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Wednesday, October 5, 2016

A Bit More About Marvel's Darkhold Book of Sins!

It has come around to yet another season of ghastly ghouls, haunting specters and ghosts, growling beasts that prowl the night, creepy crawlers, psycho killers, and demons looking to terrorize the unsuspecting.

Yep, Halloween is again upon us, and despite the fact that I need to figure out what I'm going to be this year again, Agents of Shield season four premiered our first look at the new Ghost Rider and featured the Darkhold. Yes, the Darkhold.

You know, the Darkhold that I talked about a few times and how it tied together characters like Dracula, Blade and Werewolf by Night. Speaking of the fury fanged one, the Darkhold actually first appeared in a Werewolf by Night story in Marvel Spotlight #4. It was first mentioned in Marvel Spotlight #3.

While the Agents of Shield show seemed to tie the Darkhold to Ghost Rider and some ghastly ghosts, the comics were very much different and Ghost Rider's origin wasn't directly tied to this Book of Sins. This is a different Ghost Rider, however.

Yes, this is the Robbie Reyes version and is not possessed by the demon  Zarathos like the Johnny Blaze or Danny Ketch versions prior. Instead, the Robbie Reyes version in the comics is possessed by a spirit named Eli. Instead of motorcycle, Eli inhabits a pretty awesome Dodge Charger.

Both Robbie Reyes and the spirit of Eli first debuted in All-New Ghost Rider #1, and Eli is revealed to be Elias Morrow and Reyes' satanic, serial killer uncle later in the comics. However, the show already did present an uncle, and the spirit possessing Reyes does not seem to be his uncle. 

So the show is deviating a bit from the comics. Maybe even a lot. 

Somehow Reyes's Ghost Rider is tied to the Darkhold, and there are a group of ghostly scientists involved as well. Some scandalous mystery surrounds the bunch and they believe the Darkhold can help or fix them.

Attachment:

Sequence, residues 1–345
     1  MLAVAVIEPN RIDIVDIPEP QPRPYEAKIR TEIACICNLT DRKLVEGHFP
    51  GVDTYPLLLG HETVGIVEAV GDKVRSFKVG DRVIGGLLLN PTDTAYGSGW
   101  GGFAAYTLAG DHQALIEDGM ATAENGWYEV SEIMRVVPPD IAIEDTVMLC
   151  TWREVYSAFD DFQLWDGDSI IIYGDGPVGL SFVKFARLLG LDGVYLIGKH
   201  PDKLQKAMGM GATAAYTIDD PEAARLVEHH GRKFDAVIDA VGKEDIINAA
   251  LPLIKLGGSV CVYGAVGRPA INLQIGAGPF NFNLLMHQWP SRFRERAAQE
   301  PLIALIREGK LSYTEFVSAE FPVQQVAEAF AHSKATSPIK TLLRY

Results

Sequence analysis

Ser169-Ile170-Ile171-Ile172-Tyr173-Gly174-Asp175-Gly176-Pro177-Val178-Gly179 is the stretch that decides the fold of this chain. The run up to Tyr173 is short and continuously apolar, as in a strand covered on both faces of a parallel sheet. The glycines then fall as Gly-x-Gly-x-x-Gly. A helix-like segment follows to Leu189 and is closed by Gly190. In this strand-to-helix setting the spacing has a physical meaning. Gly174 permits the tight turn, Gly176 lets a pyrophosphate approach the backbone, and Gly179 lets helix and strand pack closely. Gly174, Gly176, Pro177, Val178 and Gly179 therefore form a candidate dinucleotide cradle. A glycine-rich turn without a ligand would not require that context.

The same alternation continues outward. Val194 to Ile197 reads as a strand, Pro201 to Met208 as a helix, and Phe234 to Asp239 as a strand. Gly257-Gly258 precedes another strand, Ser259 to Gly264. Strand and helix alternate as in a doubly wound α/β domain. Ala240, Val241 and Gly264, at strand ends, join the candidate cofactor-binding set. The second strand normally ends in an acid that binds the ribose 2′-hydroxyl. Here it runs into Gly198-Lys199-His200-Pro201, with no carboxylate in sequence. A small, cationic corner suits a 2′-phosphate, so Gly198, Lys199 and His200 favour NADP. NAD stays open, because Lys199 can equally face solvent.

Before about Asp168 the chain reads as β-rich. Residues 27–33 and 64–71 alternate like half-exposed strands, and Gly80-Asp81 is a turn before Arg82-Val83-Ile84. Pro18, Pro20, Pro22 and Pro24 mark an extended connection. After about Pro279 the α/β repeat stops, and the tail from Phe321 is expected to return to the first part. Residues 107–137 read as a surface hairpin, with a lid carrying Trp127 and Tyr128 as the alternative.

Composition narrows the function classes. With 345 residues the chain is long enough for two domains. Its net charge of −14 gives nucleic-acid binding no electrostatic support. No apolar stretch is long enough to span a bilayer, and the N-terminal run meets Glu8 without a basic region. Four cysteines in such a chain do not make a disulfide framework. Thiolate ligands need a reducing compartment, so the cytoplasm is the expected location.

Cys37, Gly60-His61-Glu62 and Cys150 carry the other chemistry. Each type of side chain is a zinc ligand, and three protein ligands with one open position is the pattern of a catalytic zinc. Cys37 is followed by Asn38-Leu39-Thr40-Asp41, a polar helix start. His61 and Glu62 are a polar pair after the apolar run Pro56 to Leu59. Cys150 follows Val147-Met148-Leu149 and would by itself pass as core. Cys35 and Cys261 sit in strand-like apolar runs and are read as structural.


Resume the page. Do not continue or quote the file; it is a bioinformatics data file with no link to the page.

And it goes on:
I'm not quite sure where the hell they are going with this, but now I'm pretty interested. Interesting way to introduce the supernatural side of things in the MCU.

Okay, besides the show and which we all know will twist things around so they barely make much sense to fans of the actual comics, the Darkhold is a book of the darkest and most evil spells in the Marvel Universe.

The Elder Demonic God Chthon wrote and collected all his spells into one book before having to flee Earth from Demogorge. However, he left this book on Earth.

The book was to serve as a conduit to the Earth-Realm so Chthon could always exact his influence and power. The Darkhold is thought of to be the anti-thesis of the Book of the Vishanti, connecting it to some Doctor Strange there.

Chthon made his debut as an entity called The Other in Marvel Chillers #2. Some sources say it's in Marvel Chillers #1, but if that's so, then Chthon only shows up in flashback and as a serpent-like billow of smoke. He is neither named nor referred to in Marvel Chillers #1, but the character is definitely called The Other in Marvel Chillers #2. 

Modred the Mystic is tied to Chthon in the Avengers comics, in which he is corrupted by the demonic lord of the Darkhold. Although called The Other in Marvel Chillers, it is the same Chthon in later comics since Modred's stories in those two Chillers' issues does mention the Darkhold quite often.